All too often, I see technical resumes that still focus around the theme of saving time, money, and other resources. Although this might have been a persuasive way of branding yourself several years ago, that is no longer the case. IT is “expected” to save money, and lots of it, by streamlining processes, consolidating databases, and eliminating redundancies. So why would you want to make it the primary theme in your resume?

As we emerge from the recession, businesses want to be agile and responsive to rapid change. They want IT to be a partner in enabling them to identify new market opportunities, identify new innovations, and develop a competitive strategy. This means that an IT professional who can go beyond the standard value statements — improve business processes, fix hardware and software issues, and improve security to mitigate threats — differentiates themselves from the pack.

To stay at the forefront of the IT industry, job seekers need to continually reevaluate their career brand. Now, more than ever before, their resume needs to demonstrate how they provide the value that truly matters to a business. Hiring managers want specifics, not overly generalized statements about aligning with the business’ needs. Tell me how!

Mistake #4: Outdated Tools and Technologies

One of the most common mistakes I see is when IT professionals leave really old technology in their resume because they aren’t sure what to remove. The obvious answer is to remove anything that is no longer used. After that, it becomes less obvious.

There are 3 primary career paths for IT professionals:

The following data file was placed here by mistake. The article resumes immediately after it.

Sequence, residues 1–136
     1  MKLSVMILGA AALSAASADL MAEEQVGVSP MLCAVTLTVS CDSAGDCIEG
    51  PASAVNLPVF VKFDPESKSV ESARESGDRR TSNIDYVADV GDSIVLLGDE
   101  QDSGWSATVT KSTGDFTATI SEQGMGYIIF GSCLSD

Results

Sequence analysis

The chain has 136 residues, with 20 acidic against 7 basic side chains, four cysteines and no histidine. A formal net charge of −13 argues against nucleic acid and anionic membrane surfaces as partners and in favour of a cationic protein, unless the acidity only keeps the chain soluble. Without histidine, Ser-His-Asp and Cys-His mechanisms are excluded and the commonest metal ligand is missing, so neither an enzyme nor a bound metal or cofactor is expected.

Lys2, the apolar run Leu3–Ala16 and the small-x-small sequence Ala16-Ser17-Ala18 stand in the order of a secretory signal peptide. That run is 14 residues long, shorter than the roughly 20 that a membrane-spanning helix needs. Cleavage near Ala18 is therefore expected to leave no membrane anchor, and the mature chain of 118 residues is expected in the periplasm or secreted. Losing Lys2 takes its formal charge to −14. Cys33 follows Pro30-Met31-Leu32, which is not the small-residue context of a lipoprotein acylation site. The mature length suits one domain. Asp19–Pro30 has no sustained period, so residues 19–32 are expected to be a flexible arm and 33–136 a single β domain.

• those that focus on emerging or very current technologies
  • those that focus on high-legacy technologies, such as COBOL
  • those that are somewhere in between, bridging the gap between high legacy and emerging.

What technologies you include in your resume depends on your current path. Some older technologies are still widely used today. Where these technologies overlap with your experience and ability, you’ll need to give it some careful thought. There are employers who do care about your ability to program in COBOL. But do you want to be a COBOL programmer again? Most companies have legacy systems that someone has to operate, maintain, and enhance. If you decide to stop chasing technologies and step back from technology’s leading edge, that someone could be you. It’s a choice, but be clear about your motivations. It will impact your career.

Mistake #5: Use the Wrong Resume Format

There are two resume formats that can be used for technical resumes — chronological and hybrid. IT hiring managers want to know what you did, for whom, and during what time frame, and they’re typically focused on the last 7-8 years of employment. They want to understand the technical environment in which the person worked, including the size and complexity of the IT department. This means that functional resume formats that are designed to minimize job and skills gaps are not a good choice for technical positions.